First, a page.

Married Couples and Bankruptcy
While married couples have the option to file jointly, either spouse has a right to file separately. Filing separately usually makes sense if you and your spouse have separate accounts with creditors before making the decision to file. There are a few issues to keep in mind that could affect your spouse if a bankruptcy filing is completed.
Filing for bankruptcy may not protect your spouse from being contacted by creditors. Chapter 7 bankruptcy has what is called the automatic stay that protects a consumer from being contacted about outstanding debt during the filing process but creditors may attempt to collect from the non-filing spouse. However, Chapter 13 bankruptcy may offer protection under the co-debtor stay while the filing is pending.
If you and your spouse share debt it may make sense to file bankruptcy jointly. Joint debts often include credit card accounts but other joint debts can be considered. Joint filing may help you save money since it is considered one filing. If a spouse is looking to file on their own, they should review personal outstanding debt along with debt incurred as a couple and review eligibility for filing.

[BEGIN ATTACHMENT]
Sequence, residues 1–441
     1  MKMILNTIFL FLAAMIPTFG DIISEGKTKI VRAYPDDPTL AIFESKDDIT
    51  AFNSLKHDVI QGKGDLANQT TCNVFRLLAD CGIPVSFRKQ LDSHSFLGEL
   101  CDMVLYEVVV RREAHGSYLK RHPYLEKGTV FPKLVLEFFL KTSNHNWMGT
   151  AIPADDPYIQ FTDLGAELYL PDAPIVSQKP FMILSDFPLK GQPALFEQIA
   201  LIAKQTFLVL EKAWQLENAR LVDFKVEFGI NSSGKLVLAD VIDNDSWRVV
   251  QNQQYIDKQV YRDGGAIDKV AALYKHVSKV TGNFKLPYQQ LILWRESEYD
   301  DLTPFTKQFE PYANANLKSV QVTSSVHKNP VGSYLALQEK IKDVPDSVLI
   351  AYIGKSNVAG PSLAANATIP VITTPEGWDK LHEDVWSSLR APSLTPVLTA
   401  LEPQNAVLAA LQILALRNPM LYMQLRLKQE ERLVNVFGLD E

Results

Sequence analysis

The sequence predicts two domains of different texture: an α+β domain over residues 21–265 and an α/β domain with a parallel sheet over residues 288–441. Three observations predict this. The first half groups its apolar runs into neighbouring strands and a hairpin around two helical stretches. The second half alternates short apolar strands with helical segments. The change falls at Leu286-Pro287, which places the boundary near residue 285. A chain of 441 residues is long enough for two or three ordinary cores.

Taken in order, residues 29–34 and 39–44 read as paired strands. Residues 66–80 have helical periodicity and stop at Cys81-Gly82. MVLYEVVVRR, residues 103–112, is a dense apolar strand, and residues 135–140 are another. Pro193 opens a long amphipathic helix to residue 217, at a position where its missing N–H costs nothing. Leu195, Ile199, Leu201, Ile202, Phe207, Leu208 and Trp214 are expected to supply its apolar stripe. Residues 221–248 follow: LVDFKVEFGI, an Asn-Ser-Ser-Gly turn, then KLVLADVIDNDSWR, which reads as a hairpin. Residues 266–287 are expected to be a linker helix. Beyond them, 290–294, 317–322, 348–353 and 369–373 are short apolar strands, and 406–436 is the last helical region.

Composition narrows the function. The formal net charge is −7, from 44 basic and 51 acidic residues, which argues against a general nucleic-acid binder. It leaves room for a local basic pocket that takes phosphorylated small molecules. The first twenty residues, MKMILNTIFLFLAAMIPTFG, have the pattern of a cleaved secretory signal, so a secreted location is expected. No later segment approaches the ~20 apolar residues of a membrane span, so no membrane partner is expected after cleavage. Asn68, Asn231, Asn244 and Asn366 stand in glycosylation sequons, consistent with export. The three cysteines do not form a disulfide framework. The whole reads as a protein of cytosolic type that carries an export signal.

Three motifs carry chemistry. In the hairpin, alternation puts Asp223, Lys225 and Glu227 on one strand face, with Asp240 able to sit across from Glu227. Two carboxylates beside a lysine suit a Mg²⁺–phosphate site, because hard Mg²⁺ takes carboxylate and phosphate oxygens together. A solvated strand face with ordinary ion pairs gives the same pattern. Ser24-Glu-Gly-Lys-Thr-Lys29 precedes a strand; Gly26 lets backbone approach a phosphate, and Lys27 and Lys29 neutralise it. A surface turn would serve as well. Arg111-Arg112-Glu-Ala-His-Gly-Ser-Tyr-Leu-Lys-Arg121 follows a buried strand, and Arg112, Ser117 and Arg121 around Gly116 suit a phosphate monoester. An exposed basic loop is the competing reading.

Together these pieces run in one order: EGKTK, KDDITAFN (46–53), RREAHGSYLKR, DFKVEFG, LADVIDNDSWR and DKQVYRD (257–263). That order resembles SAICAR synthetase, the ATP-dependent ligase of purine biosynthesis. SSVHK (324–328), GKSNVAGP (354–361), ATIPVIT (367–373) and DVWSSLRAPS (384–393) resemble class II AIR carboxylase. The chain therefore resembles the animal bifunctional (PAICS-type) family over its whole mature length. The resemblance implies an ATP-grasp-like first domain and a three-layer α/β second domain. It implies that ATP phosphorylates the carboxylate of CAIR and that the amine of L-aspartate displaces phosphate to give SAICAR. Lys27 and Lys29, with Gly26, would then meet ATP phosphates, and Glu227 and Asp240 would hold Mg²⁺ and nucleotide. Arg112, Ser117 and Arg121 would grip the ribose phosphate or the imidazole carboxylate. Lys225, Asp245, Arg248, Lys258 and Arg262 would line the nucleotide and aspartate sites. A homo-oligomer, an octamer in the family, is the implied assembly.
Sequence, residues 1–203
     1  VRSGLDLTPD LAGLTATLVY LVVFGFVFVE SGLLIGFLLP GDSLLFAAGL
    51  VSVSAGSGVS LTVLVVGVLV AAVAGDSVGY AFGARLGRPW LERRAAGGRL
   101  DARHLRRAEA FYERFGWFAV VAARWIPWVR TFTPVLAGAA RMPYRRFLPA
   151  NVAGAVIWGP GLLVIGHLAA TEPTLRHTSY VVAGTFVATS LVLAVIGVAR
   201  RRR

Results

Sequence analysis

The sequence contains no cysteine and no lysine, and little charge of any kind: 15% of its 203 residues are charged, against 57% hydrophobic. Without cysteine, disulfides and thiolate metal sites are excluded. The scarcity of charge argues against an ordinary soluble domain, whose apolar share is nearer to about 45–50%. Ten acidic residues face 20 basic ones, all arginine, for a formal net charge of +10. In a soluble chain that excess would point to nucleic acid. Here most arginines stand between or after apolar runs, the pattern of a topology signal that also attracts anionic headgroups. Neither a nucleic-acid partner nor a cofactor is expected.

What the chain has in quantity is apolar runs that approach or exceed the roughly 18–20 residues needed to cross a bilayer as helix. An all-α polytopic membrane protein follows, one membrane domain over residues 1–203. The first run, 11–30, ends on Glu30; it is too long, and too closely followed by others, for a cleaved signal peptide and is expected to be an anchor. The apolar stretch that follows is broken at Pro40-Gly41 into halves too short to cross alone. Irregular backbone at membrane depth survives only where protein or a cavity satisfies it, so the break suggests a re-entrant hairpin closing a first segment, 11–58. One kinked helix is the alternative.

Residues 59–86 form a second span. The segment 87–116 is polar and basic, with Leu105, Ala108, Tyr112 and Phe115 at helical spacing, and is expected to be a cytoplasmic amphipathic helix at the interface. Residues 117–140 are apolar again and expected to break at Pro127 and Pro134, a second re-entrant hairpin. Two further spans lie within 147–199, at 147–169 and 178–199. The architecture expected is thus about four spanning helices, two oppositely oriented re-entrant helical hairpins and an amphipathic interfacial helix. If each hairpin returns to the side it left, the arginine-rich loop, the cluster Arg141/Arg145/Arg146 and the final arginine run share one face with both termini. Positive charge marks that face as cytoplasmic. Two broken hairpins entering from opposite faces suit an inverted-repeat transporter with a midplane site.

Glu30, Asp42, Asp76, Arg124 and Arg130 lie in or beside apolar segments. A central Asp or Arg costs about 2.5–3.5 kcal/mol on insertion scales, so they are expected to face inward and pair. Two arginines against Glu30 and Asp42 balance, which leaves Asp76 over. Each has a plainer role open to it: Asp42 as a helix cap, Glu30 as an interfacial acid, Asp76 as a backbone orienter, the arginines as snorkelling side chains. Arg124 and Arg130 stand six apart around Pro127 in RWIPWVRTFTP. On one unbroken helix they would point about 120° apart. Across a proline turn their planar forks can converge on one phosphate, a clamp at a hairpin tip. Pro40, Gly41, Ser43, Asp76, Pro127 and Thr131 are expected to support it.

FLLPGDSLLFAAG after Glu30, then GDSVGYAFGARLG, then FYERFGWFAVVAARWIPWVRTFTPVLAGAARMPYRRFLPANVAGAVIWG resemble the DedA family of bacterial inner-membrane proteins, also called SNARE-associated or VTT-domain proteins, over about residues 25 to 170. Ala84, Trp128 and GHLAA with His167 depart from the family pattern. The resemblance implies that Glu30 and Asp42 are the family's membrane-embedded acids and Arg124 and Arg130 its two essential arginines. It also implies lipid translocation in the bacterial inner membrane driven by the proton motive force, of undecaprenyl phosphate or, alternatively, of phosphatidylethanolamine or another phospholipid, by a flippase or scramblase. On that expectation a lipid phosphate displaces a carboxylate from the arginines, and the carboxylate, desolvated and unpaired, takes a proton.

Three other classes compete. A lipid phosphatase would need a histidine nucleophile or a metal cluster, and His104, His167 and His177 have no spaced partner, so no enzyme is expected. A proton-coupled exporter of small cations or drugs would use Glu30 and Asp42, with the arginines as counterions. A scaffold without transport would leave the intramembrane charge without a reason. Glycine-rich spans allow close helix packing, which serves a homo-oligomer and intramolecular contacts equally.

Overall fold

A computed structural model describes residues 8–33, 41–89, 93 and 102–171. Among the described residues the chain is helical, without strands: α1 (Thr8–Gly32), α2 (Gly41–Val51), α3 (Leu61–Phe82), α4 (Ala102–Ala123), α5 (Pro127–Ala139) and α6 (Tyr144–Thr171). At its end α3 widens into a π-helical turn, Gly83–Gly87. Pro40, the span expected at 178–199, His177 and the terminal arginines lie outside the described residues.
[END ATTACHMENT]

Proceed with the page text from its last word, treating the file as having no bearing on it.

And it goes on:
A separate filing may be considered for different reasons. A couple may consider filing separately if there is conflict between the two parties. If separation or divorce is imminent, it may be an option to help resolve martial debt. Bankruptcy filing may have a different effect depending on what state you live in. If you file in a community property state, it's possible for bankruptcy laws to protect the non-filing spouse but you should review your situation with a licensed bankruptcy attorney.